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I'm designing a device that involves the 24-pin GPIB / IEEE-488 connector interface. I’m trying to find the ideal panel-mount female receptacle, but I'm not fully confident I'm even sure what I'm looking for because the socket puzzles me.

I see a lot of receptacles of this and similar kinds, that feature these metallic loops on the sides that I believe are called spring-locks. What are they for?

I failed to find any assembly guides or example images where I'd see those loops in action.

Here's a typical example:

gpib

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    \$\begingroup\$ Readers over a certain age will instantly recognise that as a Centronics printer connector. :-) \$\endgroup\$ – Steve Melnikoff Apr 27 '18 at 21:31
  • \$\begingroup\$ @SteveMelnikoff - Though certainly they were in use prior to that printer. I can recall them (in smaller sizes) on some instruments in the mid 70s. \$\endgroup\$ – Hot Licks Apr 27 '18 at 23:15
  • \$\begingroup\$ Oh I've never even seen any of these in real life applications. I got the impression that they were popular in testing equipment and such, so they were more common in certain industries perhaps. I just had a principle in mind that needed to exist for my project, and through research found the stackable IEEE-488 connector that happens to do exactly what I need. Since I'm building a thing for my own use, I don't care if it's unbelievably retro. But I suspect that no consumer would want to see connectors that large anywhere anymore, ever. \$\endgroup\$ – user158589 Apr 28 '18 at 8:59
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The mating half of that connector is designed so that the loops can clip into place and thus you have a connector pair that is more resilient to vibration and general movement i.e. the two halves are held together this way without relying on electrical contact pressure.

enter image description here

enter image description here

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  • \$\begingroup\$ Oh I see, that makes sense. I have sockets with the loops, but the GPIB cord I have doesn't have anything for those loops to interact with, so no wonder it didn't make any obvious sense. These parts fit but are by a different manufacturer. If I attach the cord to its own other end (infinite pointless loop), what they have for securing the connection is kind of stacking screws. \$\endgroup\$ – user158589 Apr 27 '18 at 13:34
  • \$\begingroup\$ @user158589 The hole on the side will likely be spaced for those screws, you can put threaded stand-offs there if you want to use those screws to secure the plug. \$\endgroup\$ – ratchet freak Apr 27 '18 at 13:44
  • \$\begingroup\$ They seem to line up, and in the socket there's screws in place but when I remove them, nothing comes off so I don't think they hold anything together. The cord's screws are too short to reach the receptacle so if I can figure out the thread sizes, indeed, a little bit of extending should do it. But these connectors feel very robust and tight, and because the cord comes out of the plug in a 90° angle rather than straight, it would be very difficult indeed to make it come off accidentally. Even pulling the cord doesn't move the plug at all, you have to pull directly from the plug to detach. \$\endgroup\$ – user158589 Apr 27 '18 at 14:13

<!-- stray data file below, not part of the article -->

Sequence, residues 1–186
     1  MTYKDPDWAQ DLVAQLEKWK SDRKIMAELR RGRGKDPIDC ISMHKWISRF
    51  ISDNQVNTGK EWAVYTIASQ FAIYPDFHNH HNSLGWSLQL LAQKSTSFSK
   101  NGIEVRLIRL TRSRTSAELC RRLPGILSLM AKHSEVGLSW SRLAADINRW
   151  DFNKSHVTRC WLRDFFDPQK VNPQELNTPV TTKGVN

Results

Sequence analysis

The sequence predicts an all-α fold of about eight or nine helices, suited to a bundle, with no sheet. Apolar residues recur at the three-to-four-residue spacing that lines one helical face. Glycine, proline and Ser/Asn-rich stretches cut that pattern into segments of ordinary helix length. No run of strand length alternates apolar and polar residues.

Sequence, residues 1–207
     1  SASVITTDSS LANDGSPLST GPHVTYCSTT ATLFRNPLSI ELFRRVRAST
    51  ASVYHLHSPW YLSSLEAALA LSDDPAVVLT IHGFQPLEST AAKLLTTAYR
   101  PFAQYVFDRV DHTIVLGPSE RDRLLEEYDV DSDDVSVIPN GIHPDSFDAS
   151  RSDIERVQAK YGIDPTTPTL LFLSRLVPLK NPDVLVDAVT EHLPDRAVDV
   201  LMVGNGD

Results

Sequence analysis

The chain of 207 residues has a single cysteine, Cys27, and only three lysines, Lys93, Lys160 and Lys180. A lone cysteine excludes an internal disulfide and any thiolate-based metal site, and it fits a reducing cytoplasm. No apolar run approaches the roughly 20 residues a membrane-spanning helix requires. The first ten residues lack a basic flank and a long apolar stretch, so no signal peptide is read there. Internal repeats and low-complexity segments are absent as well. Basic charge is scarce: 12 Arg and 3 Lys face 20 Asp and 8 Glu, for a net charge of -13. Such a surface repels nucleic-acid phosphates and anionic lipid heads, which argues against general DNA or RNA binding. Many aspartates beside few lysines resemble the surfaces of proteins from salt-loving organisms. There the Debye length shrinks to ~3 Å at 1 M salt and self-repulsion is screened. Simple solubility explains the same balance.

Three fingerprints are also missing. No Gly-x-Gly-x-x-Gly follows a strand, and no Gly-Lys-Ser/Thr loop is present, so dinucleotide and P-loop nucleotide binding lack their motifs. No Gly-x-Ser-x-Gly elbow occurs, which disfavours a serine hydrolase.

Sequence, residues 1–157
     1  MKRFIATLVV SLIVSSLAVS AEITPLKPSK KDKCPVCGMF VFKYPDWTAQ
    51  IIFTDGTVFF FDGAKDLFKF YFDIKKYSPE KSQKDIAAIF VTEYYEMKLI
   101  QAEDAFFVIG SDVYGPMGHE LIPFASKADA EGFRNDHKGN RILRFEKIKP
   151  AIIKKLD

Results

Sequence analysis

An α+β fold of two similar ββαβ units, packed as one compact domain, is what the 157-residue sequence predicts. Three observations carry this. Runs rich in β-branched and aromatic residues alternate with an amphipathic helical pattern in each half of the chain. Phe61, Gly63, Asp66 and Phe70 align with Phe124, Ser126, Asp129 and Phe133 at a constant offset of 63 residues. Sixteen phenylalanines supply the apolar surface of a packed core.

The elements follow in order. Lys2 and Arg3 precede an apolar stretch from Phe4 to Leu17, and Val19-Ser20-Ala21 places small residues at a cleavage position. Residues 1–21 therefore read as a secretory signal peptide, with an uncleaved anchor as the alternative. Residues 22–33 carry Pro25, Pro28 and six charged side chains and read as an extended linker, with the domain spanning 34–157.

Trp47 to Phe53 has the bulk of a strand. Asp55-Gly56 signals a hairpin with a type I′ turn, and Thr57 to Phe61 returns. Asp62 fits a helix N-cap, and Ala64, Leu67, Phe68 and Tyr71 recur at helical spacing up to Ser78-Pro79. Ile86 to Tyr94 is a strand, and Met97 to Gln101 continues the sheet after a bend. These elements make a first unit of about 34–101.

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They are retention clips to ensure the connector doesn't get yanked out or fall out. If you look at the other header you will see a slot where the clip will fit.

This kind of thing is common in older connectors (though the side screws are more common) that didn't have a internal spring providing the interference fit.

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    \$\begingroup\$ My socket and cord are of a different maker, and while the socket has those loops, there's nothing on the cord for them to interact with. This is why I couldn't see their point. So since they've got nothing to do with panel mounting, I think I can just remove the loops as they serve no purpose in my setup. \$\endgroup\$ – user158589 Apr 27 '18 at 13:40
  • \$\begingroup\$ Those 'loops' are not the IEEE-488 latch standard, which is a kind of retention screw with a threaded head for stacking. \$\endgroup\$ – Whit3rd Apr 27 '18 at 23:22
  • \$\begingroup\$ @Whit3rd Oh I see. Well these terms are confusing as it can be hard to know what aspect of the product each term refers to, especially when you don't work in the field in any way... I guess my cord is IEEE-488 then because it has stacking screws and that plug that has both male and female connectors, for stacking. Since you can plug that cord into the socket that has those retention clips and it's not IEEE-488, what is it then? Does IEEE-488 refer to the stack aspect instead of the mating parts? \$\endgroup\$ – user158589 Apr 28 '18 at 9:02
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    \$\begingroup\$ @user158589 IEEE-488 and HP-IB call for a kind of connector wired to specification. All the latch parts are accessories to that connector (Amphenol micro-blue-ribbon 24 position), and the wire-type is just one kind of accessory available for non-488 connector applications. \$\endgroup\$ – Whit3rd Apr 28 '18 at 17:53

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